Worldwide spending on technology is set to hit US$4.5 trillion this year, rising by 3 per cent from 2021.
According to a new report by Gartner, IT expenditure growth will be much slower paced than 2021 due to spending cutbacks, geopolitical uncertainty and the global talent crisis.
Indeed, 2022’s growth rate is 7 per cent lower than 2021’s 10 per cent growth as inflation hits “top of mind” for everyone around the world.
“Central banks around the world are focusing on fighting inflation, with overall inflation rates expected to be reduced through the end of 2023,” said John-David Lovelock, distinguished research vice president at Gartner. “However, the current levels of volatility being seen in both inflation and currency exchange rates is not expected to deter CIOs’ investment plans for 2022.
“Organisations that do not invest in the short term will likely fall behind in the medium term and risk not being around in the long term.”
According to the analyst firm, price increases and delivery uncertainty, exacerbated by the Russian invasion of Ukraine, have accelerated a pivot in customer buying preferences “from ownership to service”.
This, Gartner said, pushed cloud spending to 18.4 per cent growth in 2021 and expected growth of 22.1 per cent in 2022.
Meanwhile, spending on devices is set to shrink by 5 per cent. IT services, which accounts for US$1.2 trillion in global spending, is set to grow by 6 per cent in 2022, almost half of 2021’s growth rate.
Growth in communications services spending has significantly shrunk from 3.8 per cent in 2021 to 0.4 per cent this year, reaching US$1.4 trillion. Software spending has also slowed down in growth from 15 per cent to 10 per cent to reach US$902 billion in 2022.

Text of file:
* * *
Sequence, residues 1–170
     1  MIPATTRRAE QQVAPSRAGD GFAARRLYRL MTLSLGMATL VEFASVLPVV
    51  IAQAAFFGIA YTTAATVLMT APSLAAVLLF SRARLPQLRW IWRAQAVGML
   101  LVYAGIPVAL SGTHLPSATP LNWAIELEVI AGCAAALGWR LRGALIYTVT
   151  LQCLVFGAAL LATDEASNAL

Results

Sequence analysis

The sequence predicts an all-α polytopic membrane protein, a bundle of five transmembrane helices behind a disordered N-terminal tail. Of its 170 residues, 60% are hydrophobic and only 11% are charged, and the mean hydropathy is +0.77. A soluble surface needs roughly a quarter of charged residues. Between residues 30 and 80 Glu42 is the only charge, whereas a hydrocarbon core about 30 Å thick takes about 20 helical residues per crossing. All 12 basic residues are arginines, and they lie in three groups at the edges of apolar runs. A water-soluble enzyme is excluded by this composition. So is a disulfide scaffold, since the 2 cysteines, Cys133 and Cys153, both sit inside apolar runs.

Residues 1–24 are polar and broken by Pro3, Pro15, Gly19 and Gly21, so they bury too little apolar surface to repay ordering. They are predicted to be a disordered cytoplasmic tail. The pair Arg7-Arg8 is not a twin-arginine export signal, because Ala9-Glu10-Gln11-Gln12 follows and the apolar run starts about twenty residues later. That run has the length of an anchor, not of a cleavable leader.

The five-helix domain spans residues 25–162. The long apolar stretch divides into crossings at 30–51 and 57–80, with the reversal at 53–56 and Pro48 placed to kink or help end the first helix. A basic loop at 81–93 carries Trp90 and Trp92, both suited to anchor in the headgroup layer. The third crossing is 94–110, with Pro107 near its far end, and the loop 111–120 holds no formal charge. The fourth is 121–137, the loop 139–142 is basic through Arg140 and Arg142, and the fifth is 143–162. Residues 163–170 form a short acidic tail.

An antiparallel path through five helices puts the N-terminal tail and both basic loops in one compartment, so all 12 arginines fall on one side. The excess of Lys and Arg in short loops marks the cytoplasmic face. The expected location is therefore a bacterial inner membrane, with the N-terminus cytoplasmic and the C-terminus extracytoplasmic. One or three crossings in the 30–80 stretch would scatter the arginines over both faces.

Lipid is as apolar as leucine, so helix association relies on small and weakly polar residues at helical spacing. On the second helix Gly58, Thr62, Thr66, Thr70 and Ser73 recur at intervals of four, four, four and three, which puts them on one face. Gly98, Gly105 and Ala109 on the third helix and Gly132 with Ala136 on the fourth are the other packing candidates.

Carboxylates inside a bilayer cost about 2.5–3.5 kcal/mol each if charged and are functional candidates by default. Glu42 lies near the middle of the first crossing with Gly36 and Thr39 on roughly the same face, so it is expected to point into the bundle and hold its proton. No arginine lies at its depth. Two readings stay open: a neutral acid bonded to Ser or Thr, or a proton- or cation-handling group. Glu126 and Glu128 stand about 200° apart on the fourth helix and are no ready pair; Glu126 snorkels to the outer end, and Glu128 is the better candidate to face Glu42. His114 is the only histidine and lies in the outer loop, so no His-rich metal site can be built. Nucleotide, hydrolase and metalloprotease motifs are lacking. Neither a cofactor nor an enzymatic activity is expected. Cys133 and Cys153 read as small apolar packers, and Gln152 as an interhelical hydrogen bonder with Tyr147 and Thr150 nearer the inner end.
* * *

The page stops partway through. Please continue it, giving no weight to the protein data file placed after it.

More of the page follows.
However, cloud service demand is “reshaping the IT services industry” and is also driving spending on servers to 16.6 per cent growth in 2022 as hyperscalers build out their data centres, Gartner said.
Across the world, the technology skills shortage is being felt, according to Gartner, but is expected to abate by the end of 2023.
This, the analyst claimed, is when businesses’ drive to complete digital transformations will slow down, which will have given companies time to upskill and reskill existing staff. In the short term, customers will be forced “to take action to balance increased IT demand and dwindling IT staffing levels”, Gartner said.
Unfortunately for the company purse holders, compensation packages remain the top priority for IT talent attraction and retention.
This is having a knock-on effect on technology service prices as business leaders attempt to balance the need for competitive salaries, thereby causing the rise in software and services spending through until 2023.
However, for channel players this should be beneficial. According to Gartner, customers are likely to increasingly use IT service providers to plug their own lack of skilled IT staff.
Managed service providers (MSPs) firms may be able to pick up more “lower skill set” work outsourced by customers to alleviate staff time.
Meanwhile, “critical strategy work, which requires high-end skills unobtainable by many enterprises, will increasingly be fulfilled by external consultants,” Lovelock added.